- Gándara, D. (2016). Constructing “winners and losers” [electronic resource]: An analysis of higher education performance funding policy designs in Colorado and Texas (Doctoral dissertation). University of Georgia Electronic Theses and Dissertations database (Call No. Internet LXC16 2016 Gandara, D.).Google Scholar
- Hillman, N. (2016). Why performance-based college funding doesn’t work. New York, NY: The Century Foundation.Google Scholar
- Howlett, M. (2005). What is a policy instruments? Tools, mixes and implementations styles. In F. P. Eliadis, M. M. Hill, & M. Howlett (Eds.), Designing government: From instruments to governance (pp. 31–50). Montréal: McGill-Queen’s University Press.Google Scholar
- Jenkins, D., Ellwein, T., & Boswell, K. (2009). Formative evaluation of the student achievement initiative “learning year” (Report to the Washington State Board of Community and Technical Colleges and College Spark Washington). New York, NY: Community College Research Center.Google Scholar
- Jones, T. (2014). Performance Funding at MSIs: Considerations and possible measures for public minority-serving institutions. Atlanta, GA: Southern Education Foundation. Retrieved from http://www.southerneducation.org/Our-Strategies/Research-and-Publications/Performance-Funding-at-MSIs.aspx.
- Kelchen, R., & Stedrak, L. J. (2016). Does performance-based funding affect colleges’ financial priorities? Journal of Education Finance, 41(3), 302–321. Retrieved from https://muse.jhu.edu/article/613777.
- Lahr, H., Pheatt, L., Dougherty, K. J., Jones, S. M., Natow, R. S., & Reddy, V. (2014). Unintended Impacts of performance funding on Community Colleges and Universities in three states [working paper no. 78]. Community College Research Center.Google Scholar
- Li, A. Y., & Zumeta, W. (2016). Performance funding on the ground: Campus responses and perspectives in two states. Research Dialogue. New York, NY: TIAA.Google Scholar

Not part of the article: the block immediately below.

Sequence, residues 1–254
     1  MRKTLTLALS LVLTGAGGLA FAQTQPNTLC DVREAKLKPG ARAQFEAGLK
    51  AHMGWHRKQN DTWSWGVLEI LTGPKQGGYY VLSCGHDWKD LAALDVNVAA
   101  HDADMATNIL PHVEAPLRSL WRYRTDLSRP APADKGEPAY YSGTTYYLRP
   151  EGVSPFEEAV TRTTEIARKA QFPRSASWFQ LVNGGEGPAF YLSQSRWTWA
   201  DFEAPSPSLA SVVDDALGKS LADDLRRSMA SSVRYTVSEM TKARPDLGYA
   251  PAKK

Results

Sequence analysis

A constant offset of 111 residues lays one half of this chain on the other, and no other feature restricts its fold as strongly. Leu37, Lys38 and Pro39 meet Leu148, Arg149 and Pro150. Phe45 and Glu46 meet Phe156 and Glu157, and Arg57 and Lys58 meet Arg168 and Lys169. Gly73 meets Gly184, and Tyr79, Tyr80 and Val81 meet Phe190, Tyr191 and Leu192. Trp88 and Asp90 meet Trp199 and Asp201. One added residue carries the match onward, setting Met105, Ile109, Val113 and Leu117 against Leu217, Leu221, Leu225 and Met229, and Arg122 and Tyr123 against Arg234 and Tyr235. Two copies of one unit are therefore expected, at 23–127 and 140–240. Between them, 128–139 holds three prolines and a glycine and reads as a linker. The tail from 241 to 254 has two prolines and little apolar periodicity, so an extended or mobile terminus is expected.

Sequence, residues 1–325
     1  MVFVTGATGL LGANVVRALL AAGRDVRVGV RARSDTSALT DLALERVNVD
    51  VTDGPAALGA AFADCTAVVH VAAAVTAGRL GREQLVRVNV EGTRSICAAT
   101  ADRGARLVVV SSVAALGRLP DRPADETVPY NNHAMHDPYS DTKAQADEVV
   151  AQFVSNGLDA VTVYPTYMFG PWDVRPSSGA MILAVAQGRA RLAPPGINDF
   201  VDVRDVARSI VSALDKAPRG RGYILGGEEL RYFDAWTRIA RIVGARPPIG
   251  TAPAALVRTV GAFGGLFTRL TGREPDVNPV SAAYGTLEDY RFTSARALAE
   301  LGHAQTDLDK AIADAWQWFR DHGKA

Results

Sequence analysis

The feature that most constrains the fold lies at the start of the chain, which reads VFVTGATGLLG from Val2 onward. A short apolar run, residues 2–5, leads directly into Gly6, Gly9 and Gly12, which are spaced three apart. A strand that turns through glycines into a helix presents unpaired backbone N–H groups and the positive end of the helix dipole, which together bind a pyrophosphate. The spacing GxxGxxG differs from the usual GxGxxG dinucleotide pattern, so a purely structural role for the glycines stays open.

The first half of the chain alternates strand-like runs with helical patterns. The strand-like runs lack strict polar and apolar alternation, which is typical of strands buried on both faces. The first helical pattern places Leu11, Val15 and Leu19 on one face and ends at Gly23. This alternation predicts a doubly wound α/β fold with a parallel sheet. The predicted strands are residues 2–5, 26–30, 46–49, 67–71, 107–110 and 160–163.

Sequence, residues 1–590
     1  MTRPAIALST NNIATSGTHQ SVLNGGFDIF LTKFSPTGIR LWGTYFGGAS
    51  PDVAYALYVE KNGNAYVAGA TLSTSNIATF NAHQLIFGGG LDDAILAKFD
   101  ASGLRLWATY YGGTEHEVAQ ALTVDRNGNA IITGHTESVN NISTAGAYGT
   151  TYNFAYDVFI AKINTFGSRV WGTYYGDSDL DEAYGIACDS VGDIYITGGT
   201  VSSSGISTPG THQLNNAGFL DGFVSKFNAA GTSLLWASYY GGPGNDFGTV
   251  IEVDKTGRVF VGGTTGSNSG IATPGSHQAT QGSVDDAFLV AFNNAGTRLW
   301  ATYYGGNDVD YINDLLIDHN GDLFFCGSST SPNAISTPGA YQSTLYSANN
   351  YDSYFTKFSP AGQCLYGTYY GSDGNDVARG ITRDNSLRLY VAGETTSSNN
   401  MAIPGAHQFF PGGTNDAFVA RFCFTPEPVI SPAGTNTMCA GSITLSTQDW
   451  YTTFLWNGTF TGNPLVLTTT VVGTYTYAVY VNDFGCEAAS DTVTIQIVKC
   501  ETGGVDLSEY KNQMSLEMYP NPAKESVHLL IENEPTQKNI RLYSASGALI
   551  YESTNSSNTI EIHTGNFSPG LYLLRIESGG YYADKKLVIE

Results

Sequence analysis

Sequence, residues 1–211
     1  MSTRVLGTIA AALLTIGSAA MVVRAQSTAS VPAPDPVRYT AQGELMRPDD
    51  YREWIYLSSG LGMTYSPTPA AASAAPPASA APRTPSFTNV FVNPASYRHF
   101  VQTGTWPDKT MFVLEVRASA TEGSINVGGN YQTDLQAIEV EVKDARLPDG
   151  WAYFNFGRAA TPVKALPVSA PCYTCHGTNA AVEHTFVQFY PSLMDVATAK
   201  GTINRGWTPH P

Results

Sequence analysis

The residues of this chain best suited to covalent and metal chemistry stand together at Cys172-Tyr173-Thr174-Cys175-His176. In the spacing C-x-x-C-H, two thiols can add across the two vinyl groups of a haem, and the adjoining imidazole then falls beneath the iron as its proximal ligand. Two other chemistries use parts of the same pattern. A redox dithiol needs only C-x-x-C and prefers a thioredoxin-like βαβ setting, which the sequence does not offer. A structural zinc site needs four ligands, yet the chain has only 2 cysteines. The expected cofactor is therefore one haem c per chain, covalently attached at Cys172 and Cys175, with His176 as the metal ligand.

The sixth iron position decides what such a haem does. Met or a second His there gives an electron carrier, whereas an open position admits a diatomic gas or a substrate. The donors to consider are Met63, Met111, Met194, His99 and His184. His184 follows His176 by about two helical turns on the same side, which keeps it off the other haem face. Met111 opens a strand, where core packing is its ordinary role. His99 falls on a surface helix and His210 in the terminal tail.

- Miller, T. (2016). Higher education outcomes-based funding models and academic quality. Lumina issue papers. Indianapolis, IN: Lumina Foundation.Google Scholar
- National Conference of State Legislatures. (2014). Performance-based funding for higher education. Retrieved from http://www.ncsl.org/research/education/performance-funding.aspx.
- Ness, E. C. Deupree, M., & Gándara, D. (2015). Campus responses to Tennessee’s 2010 Complete College Tennessee Act and outcomes-based funding formula. Retrieved from https://www.tn.gov/assets/entities/thec/attachments/FordFoundationPaper.pdf.
- Sanford, T., & Hunter, J. M. (2011). Impact of performance-funding on retention and graduation rates. Education Policy Analysis Archives, 19(33), 33. Retrieved from http://epaa.asu.edu/ojs/article/view/949.
- Snyder, M. (2015). Driving better outcomes: Typology and principles to inform outcomes-based funding models. Washington, D.C.: HCM Strategists.Google Scholar
- Stone, D. A. (2002). Policy paradox: The art of political decision making (p. 448). New York: Norton.Google Scholar
- Tandberg, D. A., & Hillman, N. W. (2014). State higher education performance funding: Data, outcomes, and policy implications. Journal of Education Finance, 39(3), 222–243.Google Scholar
- Tandberg, D. A., Hillman, N., & Barakat, M. (2014). State higher education performance funding for community colleges: Diverse effects and policy implications. Teachers College Record, 116(12), 1–31.Google Scholar
- Tennessee Higher Education Commission. (2015). 2015-20 Outcomes Based Funding Formula. Nashville, TN: Tennessee Higher Education Commission. Retrieved from https://www.tn.gov/thec/article/2015-20-funding-formula.
- Tierney, S. (2014). Performance-based funding and student-centered higher education. The Evolllution. Retrieved from http://evolllution.com/opinions/performance-based-funding-student-centered-higher-education/.
- Umbricht, M. R., Fernandez, F., & Ortagus, J. C. (2015). An examination of the (un) intended consequences of performance funding in higher education. Educational Policy, 0895904815614398.Google Scholar
- Wooldridge, J. M. (2010). Econometric analysis of cross section and panel data. Cambridge, MA: MIT Press.Google Scholar